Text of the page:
After a few days of ground tests comes the first flight, known as B1 (Boeing 1), by Boeing test pilots. At this stage, the aircraft is still under the manufacturer's responsibility, but Air France teams are on the ground and aboard to check every last detail, on the lookout for any odd noises or behavior from the craft. In early November, the B777 took a weeklong trip to Portland to be painted: about two tons of white paint would be needed. Here again the result is checked by an Air France specialist, looking out for any unevenness that would require repainting.

Devil's in the details

A week prior to the scheduled delivery date, the complex process of the plane's "technical acceptance" begins. A team of ten people flies from Paris to check everything that can be checked on the aircraft. Called the customer walk-through, it lasts three days. The first two allow inspectors to test all of the cabin's functionalities, from the video screens to the toilet flush. A small team of flight attendants and pilots participate. The plane is inspected inside and out. Everything must be tested. The third day is dedicated to the first three-hour test flight, called C1 (Customer 1), with an Air France pilot in charge for the first time. This allows him to push the plane, especially to test a number of emergency procedures.

Nothing should be left aside. "Our inspectors have red duct tape to mark any flaws," explains Bertrand. "We always find something: a piece of carpet that is not well glued, seat cushions badly installed, traces of contact…" This plane is no exception. The armrests in economy stay up when the seat is pushed back. A minor issue that will be fixed once the plane is taken back to Paris.

All the flaws noticed on the ground or in flight are listed in a "letter of reservation," explaining how Boeing should resolve the problem. "Sometimes negotiations get tough," admits Bertrand. Only once all these imperfections are fixed can the aircraft be delivered.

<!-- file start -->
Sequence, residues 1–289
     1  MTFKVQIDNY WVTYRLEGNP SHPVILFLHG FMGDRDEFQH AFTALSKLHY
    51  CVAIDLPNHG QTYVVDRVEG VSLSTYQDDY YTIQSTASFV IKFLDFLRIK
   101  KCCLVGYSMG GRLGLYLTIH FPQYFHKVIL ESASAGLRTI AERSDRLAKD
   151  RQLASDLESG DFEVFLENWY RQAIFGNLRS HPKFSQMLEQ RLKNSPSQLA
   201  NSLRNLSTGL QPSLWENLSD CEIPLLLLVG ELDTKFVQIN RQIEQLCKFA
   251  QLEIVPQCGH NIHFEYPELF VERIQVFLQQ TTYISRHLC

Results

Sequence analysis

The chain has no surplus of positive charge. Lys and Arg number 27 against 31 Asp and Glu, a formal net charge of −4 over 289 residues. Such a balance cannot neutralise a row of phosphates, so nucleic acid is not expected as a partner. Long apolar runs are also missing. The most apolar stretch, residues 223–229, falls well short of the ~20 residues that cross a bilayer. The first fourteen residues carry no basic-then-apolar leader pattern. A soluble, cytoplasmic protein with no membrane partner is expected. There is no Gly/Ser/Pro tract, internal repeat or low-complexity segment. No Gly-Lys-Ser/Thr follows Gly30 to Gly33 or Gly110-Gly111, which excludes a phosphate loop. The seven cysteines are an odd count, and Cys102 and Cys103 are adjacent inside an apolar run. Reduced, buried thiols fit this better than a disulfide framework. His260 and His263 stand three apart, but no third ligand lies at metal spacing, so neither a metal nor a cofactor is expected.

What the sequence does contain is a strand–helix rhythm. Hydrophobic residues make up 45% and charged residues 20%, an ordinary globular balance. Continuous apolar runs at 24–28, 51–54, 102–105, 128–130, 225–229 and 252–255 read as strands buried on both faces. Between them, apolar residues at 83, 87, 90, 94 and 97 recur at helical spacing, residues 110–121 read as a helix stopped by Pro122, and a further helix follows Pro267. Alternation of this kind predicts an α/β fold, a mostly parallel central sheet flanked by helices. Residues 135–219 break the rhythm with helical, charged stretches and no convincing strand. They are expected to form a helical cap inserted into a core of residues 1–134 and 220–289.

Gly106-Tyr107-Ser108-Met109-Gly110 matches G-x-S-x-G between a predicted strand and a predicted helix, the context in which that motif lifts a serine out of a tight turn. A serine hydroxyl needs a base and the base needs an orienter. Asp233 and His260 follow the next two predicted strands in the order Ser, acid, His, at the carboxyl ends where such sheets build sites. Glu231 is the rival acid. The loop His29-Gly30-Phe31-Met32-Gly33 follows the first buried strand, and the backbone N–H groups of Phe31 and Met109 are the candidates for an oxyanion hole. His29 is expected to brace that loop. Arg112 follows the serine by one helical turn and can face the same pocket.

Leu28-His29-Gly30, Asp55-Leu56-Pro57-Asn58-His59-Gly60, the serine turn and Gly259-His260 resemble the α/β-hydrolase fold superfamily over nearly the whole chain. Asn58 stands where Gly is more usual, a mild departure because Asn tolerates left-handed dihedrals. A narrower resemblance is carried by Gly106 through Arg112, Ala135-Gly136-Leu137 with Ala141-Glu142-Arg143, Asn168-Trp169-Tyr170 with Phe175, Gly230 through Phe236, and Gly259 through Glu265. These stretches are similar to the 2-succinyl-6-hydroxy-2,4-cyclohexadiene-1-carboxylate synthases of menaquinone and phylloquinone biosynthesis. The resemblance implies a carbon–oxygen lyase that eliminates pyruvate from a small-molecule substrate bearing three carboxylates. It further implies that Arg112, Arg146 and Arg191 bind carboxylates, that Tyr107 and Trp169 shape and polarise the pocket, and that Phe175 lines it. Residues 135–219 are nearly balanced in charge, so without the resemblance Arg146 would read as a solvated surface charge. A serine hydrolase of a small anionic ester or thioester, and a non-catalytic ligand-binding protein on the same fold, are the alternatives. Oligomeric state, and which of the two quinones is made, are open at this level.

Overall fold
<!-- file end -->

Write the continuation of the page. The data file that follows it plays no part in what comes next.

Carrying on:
Time for gifts

The procedure can now give way to rituals. On the eve of the plane's delivery, the traditional "delivery dinner" gathers both Air France and Boeing teams in a nice Seattle restaurant. There are speeches and cheers, some alcohol and at the end of the meal a few gifts are exchanged. Besides the traditional poster and the miniature of the plane, the Air France representative this time also gets a bronze aviator statue, which will end up in the airline's museum.

D-Day has finally arrived: the plane is being delivered. Boeing will sign the Bill of Sale and Air France, the Aircraft Receipt. But before that, the final job for Air France representatives is to check all the technical documentation – flight manuals, technical manuals, maintenance CDs – delivered with the plane. That's the equivalent of several cardboard boxes that will leave with the plane. In the mean time, Air France and Boeing teams put the finishing touches to the plane.

Only after making sure that everything is in order does Thomas Sonigo pick up his phone to call Air France's bank in New York and transfer the funds into Boeing's account. The price tag is kept secret, some discounts negotiated two years before can sometimes be considerable. Part of the price is paid upon order as well as in the last months before the delivery. But what's left is the big chunk of payment. So it's not until Boeing gets confirmation of the payment from its own bank that it will give its client the Bill of Sale in exchange for the Aircraft receipt. Only then is Air France officially the owner of its 61st B777 and its 200th Boeing.